Recently, I read about the current societal controversy over biological males being allowed to compete against biological females in organized athletic events.  The irrefutable statistics cited–pertaining to documented performance records of male and female athletes–got me thinking about how and why top-tier female racehorses are better able to compete with males than are their human counterparts.

Consider the following facts about human athletes:

In 2018, 275 high school boys bested the world-record time (for a female) of Allyson Felix in the 400-meter sprint.

In 2017, thousands of men ran 400 meters faster than any of the world’s three fastest female Olympic champions. 

In all, male athletes routinely attain performance records that are 10% to 20% better than comparably trained women athletes.  The percentages are even greater in endurance and strength events.

Now consider racehorses:

As a rule of thumb, the vast majority of male racehorses are faster than the preponderance of fillies and mares.  But, historically, many of the very best fillies and mares have convincingly demonstrated that they can compete with the very best colts and stallions/geldings, even at endurance distances of 1 1/4 and 1 ½ miles.

Indeed, top-level fillies and mares can be quite competitive in Grade 1 and Group 1 open races.  For example, the filly Swiss Skydiver won the 2020 Preakness Stakes, defeating Authentic, who won the Kentucky Derby, Breeders’ Cup Classic, and Horse of the Year.  Many examples abound: Zenyatta, Found, Tarnawa, Treve, Enable, Winning Colors, Goldikova, Peebles…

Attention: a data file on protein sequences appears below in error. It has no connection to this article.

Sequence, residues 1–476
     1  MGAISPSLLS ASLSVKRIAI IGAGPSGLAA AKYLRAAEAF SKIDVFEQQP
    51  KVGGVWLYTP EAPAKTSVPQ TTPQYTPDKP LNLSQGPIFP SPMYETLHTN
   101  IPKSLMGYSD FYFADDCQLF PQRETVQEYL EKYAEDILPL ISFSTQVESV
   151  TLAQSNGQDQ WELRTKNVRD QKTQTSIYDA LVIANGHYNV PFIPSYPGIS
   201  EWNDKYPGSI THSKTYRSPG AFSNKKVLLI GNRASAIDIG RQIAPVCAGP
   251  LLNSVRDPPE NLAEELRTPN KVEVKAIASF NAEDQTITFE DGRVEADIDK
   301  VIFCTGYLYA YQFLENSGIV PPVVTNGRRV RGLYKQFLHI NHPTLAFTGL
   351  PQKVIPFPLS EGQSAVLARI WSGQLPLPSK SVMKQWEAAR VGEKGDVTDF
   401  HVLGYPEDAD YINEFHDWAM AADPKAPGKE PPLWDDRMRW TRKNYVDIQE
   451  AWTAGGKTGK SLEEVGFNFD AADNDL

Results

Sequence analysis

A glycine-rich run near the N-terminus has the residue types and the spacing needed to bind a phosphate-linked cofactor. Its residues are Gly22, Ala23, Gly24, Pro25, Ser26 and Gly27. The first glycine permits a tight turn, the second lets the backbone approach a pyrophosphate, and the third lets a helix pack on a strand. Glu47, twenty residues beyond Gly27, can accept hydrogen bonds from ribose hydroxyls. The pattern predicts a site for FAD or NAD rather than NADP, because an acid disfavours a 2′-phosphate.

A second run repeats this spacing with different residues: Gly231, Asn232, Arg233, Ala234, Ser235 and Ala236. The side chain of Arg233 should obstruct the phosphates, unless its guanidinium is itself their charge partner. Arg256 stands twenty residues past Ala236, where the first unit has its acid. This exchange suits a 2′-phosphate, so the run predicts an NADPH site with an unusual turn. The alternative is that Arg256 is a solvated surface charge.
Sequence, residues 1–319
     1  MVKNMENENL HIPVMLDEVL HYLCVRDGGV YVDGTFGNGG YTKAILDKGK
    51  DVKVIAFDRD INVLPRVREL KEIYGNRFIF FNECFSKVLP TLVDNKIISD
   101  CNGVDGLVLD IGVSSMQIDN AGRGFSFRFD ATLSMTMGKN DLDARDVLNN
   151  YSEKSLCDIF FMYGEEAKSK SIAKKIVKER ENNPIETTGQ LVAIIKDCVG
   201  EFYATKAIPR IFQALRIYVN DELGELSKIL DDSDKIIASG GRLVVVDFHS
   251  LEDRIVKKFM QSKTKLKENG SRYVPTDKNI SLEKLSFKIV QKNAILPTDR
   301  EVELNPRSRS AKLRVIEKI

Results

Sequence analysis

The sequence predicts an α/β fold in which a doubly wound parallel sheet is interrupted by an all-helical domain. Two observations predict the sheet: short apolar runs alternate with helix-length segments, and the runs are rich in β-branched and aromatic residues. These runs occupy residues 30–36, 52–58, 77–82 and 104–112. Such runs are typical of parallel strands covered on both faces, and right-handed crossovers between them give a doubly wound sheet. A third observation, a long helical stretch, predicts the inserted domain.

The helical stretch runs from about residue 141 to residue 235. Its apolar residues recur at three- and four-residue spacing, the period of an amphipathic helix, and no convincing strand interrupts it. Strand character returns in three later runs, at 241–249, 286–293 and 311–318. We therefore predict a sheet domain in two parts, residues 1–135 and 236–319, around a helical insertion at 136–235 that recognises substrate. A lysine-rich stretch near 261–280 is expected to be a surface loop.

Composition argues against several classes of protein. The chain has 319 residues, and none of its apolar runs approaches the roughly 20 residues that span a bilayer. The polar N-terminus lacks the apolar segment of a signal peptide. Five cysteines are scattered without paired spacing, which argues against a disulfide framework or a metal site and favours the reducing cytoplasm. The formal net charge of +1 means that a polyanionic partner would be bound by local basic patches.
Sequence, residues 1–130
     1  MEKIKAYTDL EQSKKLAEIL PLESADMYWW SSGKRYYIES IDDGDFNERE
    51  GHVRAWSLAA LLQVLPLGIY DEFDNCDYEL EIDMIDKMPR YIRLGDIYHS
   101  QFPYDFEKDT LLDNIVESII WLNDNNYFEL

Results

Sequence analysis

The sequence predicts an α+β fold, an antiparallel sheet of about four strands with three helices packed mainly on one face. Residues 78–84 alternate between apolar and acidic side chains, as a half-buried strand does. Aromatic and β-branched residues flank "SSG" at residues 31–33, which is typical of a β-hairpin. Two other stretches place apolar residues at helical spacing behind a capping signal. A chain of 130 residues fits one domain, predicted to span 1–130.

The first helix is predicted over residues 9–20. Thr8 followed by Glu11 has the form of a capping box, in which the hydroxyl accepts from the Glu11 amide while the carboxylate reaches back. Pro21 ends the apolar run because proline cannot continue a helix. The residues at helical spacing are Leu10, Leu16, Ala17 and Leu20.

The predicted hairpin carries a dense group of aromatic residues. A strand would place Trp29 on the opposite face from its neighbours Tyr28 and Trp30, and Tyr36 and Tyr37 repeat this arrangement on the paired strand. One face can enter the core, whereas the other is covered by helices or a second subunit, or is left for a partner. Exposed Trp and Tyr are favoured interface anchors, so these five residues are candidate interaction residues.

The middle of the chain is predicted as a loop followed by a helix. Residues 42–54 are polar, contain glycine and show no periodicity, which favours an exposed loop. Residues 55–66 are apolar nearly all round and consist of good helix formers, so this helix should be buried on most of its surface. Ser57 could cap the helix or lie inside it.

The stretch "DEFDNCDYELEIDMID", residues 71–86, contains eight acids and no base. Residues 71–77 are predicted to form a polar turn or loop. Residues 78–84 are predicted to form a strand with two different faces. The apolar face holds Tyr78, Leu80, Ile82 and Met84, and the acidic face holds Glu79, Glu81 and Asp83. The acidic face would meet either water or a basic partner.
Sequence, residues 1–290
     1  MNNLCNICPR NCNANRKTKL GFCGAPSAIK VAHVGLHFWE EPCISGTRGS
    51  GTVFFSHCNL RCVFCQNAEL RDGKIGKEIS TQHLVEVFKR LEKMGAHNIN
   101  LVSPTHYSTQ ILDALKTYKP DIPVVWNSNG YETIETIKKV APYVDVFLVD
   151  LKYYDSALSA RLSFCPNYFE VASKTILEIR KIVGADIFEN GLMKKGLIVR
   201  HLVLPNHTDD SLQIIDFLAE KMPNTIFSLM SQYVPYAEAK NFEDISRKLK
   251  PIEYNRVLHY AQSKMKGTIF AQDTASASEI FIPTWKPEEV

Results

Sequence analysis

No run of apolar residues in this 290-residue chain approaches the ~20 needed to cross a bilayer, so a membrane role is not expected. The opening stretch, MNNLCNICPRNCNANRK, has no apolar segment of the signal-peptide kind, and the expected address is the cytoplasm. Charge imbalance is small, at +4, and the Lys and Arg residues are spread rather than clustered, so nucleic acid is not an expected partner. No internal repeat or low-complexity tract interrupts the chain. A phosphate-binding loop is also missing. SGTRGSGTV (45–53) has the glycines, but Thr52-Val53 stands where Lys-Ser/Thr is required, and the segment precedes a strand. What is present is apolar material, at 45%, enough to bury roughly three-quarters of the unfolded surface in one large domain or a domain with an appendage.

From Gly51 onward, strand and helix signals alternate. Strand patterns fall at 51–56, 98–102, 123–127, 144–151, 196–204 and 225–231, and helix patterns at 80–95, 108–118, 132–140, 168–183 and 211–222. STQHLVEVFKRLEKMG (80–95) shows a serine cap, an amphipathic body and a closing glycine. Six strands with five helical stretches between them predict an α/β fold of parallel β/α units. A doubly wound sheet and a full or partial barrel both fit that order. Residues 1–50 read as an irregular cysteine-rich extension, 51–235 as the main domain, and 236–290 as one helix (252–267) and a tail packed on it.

Why is it that several hundred teenage boy high-school track stars can turn in times that exceed the world-record mark for a female athlete at 400 meters (and in other events as well), while top-flight female racehorses can win in open company in Grade 1 and Group 1 races?

I don’t have a solid data-based answer for this question.  My working hypothesis is that generation-after-generation of selective breeding occasionally produces a super filly with the ability to win against top-caliber male racehorses.  Another thought is that certain European trainers are very skilled in preparing such gifted female animals to compete with their male counterparts on turf.

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